A United Press article notes a recent study showing Canada to have one of the highest IBD rates in the world. An extract from the study's summary reads:
Based on our data we believe that there are currently approximately 170,000 (or approximately 1 in 180) Canadians with IBD. In areas of high incidence such as Europe, it has been estimated that as many as 1 in 100 people will develop IBD in their lifetime. Furthermore, our data suggest that incidence rates across the country, except for BC [British Columbia], are among the highest in the world, not just in MB [Manitoba]. Extrapolating our data to the United States suggests that as many as 1.5 million Americans have IBD. However, as discussed above, including accounting for potential disparities in incidence rate by geography (on a North-South basis), this extrapolation would need to be verified by careful epidemiological studies in the United States.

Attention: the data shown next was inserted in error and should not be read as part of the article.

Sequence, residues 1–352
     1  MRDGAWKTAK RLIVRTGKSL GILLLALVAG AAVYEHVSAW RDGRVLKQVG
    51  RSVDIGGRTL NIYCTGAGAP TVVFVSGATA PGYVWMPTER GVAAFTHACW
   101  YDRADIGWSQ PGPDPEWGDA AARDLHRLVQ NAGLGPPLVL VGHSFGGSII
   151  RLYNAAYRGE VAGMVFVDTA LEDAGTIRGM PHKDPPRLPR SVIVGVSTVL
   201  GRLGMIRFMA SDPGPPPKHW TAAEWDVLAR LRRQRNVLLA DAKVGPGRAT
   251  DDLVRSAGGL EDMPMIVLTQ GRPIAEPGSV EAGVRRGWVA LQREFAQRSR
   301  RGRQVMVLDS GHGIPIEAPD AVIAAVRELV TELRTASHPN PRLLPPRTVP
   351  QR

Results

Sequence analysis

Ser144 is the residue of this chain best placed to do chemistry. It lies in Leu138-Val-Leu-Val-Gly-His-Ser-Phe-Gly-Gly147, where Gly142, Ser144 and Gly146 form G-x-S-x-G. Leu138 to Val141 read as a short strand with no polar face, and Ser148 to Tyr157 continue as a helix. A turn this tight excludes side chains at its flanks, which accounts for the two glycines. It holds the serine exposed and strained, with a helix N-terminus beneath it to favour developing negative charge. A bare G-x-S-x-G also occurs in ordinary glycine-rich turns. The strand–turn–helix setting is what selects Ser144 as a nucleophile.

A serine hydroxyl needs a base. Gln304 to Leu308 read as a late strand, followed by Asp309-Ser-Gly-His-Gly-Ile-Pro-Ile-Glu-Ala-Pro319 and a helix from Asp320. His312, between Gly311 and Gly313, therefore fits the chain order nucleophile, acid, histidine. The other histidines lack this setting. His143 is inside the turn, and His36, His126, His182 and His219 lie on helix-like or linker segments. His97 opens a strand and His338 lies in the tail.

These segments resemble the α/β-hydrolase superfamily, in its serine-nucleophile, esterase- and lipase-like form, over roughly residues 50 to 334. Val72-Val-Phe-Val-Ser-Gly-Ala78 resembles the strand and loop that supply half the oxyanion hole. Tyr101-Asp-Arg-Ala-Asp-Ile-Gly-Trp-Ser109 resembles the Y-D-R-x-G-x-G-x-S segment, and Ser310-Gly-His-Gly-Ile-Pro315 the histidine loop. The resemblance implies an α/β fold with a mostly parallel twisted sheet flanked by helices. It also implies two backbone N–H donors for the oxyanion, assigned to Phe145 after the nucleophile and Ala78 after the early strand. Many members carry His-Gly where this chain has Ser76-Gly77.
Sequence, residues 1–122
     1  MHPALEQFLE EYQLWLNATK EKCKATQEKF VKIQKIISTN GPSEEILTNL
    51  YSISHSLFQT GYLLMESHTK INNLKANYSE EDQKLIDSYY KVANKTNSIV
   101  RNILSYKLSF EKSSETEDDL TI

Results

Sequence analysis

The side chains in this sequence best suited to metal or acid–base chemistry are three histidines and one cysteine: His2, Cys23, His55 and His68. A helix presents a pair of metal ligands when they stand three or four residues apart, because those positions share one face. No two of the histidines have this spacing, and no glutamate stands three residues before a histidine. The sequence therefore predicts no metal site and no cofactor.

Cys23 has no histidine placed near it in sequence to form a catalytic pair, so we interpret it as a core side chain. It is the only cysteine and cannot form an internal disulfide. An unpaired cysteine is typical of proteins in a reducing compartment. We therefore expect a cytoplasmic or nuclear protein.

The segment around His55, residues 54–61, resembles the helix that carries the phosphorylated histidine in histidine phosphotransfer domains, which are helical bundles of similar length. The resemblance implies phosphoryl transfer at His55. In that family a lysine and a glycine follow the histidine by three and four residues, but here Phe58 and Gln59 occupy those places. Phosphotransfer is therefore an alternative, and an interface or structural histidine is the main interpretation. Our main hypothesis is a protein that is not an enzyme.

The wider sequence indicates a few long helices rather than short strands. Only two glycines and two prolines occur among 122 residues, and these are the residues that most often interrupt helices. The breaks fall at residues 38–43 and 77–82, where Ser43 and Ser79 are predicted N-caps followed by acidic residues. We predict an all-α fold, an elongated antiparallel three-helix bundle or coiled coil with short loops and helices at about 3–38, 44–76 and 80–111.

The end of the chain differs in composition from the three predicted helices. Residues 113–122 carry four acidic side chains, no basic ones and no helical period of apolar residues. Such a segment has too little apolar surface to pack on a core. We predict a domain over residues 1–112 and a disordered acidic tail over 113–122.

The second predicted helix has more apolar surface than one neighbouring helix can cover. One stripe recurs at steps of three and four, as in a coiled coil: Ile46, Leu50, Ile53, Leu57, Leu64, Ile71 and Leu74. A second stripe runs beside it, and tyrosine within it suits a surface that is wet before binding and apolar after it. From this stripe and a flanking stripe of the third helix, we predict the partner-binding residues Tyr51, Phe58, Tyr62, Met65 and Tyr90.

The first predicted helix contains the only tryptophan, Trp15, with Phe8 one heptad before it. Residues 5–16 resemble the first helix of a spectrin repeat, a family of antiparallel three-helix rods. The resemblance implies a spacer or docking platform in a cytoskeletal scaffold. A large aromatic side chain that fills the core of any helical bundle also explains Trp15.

source: The Epidemiology of Inflammatory Bowel Disease in Canada: A Population-Based Study. The American Journal of Gastroenterology Volume 101 Page 1559 - July 2006
Recent epidemiological studies of IBD continue to show surprisingly high incidence rates. For example, an October 2003 Wisconsin study showed "the highest pediatric IBD incidence reported in the world to date". This Wisconsin study also noted:
An equal IBD incidence occurred among all ethnic groups, and children from sparsely and densely populated counties were equally affected. The majority (89%) of new IBD diagnoses were nonfamilial. [bold added]
source: Epidemiologic and clinical characteristics of children with newly diagnosed inflammatory bowel disease in wisconsin: a statewide population-based study. The Journal of Pediatrics. Volume 143, Issue 4 , October 2003, Pages 525-531